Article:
Stuff I'm Up To

Technical Ramblings

JumpCloud — October 23, 2019


Sometimes I’m surprised at why I’ve never come across things before. This is a big one for me. For the longest time I was pondering how to resolve some SSO requirements whilst maintaining a corporate managed directory and not spending a fortune. Traditionally this would be the infrastructure to get the likes of Azure Active Directory, ADFS, RADIUS and multi-factor authentication – and then BOOM! JumpCloud.

What I really liked about this is that I got my own directory setup in under 15 minutes and had a Linux client logging on using my SSH key. I haven’t had to do anything laborious just install the JumpCloud agent onto the machine. Once I created my user account on the cloud interface and (optionally) gave it my SSH key I was set.

The JumpCloud agent handles replicating my account to the “systems” I install the agent on. It also delivers my SSH key for me so I can connect securely to the systems I’m allocated immediately.

Auth and Management for SSO, LDAP, RADIUS, Mac, Windows, Linux, and More

As a new user I get 10 FREE accounts which is plenty to setup my own directory for home and testing. I didn’t even need a credit card.
Distributed Virtualisation — October 21, 2019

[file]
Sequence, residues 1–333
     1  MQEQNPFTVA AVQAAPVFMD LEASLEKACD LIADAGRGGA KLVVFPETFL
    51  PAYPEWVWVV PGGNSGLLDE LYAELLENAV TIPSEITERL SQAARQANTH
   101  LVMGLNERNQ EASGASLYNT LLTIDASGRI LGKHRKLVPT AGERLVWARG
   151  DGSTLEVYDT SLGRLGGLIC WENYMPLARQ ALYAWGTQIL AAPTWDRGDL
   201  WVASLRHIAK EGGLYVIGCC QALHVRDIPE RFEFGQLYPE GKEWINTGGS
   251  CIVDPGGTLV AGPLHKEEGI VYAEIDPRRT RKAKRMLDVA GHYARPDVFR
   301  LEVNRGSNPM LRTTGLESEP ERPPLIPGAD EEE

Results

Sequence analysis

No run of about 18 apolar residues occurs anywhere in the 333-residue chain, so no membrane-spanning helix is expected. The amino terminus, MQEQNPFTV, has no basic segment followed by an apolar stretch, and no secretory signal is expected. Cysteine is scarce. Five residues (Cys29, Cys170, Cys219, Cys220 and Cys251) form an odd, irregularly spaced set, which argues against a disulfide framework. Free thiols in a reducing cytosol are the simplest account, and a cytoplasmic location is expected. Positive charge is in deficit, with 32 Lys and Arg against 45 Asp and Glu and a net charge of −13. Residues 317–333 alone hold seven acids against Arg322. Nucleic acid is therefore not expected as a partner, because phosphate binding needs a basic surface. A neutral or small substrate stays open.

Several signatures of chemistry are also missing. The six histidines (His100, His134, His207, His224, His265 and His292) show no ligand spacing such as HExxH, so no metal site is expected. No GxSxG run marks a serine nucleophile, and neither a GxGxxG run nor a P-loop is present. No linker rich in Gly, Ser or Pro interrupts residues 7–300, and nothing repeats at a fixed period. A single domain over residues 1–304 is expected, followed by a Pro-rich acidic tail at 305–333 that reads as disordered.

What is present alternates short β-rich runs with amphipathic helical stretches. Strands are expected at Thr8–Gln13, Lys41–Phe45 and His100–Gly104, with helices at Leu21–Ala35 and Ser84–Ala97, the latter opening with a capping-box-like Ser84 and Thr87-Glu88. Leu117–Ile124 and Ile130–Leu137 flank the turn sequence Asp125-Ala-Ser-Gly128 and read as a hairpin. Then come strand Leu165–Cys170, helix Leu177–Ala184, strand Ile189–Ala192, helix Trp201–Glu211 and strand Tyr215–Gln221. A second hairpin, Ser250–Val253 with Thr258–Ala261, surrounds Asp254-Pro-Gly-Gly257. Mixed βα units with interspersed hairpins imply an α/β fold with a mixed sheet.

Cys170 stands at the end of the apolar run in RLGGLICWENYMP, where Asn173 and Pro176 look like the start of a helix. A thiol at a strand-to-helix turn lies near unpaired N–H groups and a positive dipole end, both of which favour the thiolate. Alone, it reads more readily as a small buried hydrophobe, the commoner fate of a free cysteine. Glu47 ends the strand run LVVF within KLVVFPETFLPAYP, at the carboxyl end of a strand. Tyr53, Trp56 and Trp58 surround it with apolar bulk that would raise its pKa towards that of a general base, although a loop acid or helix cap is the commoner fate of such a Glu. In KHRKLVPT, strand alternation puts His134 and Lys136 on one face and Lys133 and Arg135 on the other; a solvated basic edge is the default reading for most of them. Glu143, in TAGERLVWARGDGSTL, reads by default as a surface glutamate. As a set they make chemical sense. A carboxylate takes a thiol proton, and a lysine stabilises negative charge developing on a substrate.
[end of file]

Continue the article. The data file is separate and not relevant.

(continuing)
Distributed Virtualisation

A tool box for low cost virtualisation with replication, management and high availability without the need of expensive SAN’s and shared storage devices. 
Laravel, Nuxt.js and Nginx — October 2, 2019

Laravel, Nuxt.js and Nginx

Whilst experimenting with Nuxt.js (A Vue.js framework) as a front end client for Laravel I discovered I was going to face some issues with CORS, certificates for HTTPS and the whole serving the client over port 3000 and the API over port 80 thing.

In the development environment this isn’t so bad as I can run both the Laravel artisan web server and serve Nuxt.js and have them talk to each other – within reason. The problems started when I wanted to use Social Sign In using Facebook, Google etc. The callback from the OAuth process would fire, but the client would fail with CORS errors as I would have to redirect the client using the API from the OAuth callback.

To resolve this issue I tried adding in a CORS module for Laravel and setting the values appropriately, but still failed.

So I began thinking what this would look like in production. I wouldn’t want to serve the API and client separately and I’d probably put them both behind a reverse proxy, so let’s look at using Nginx.

Continue reading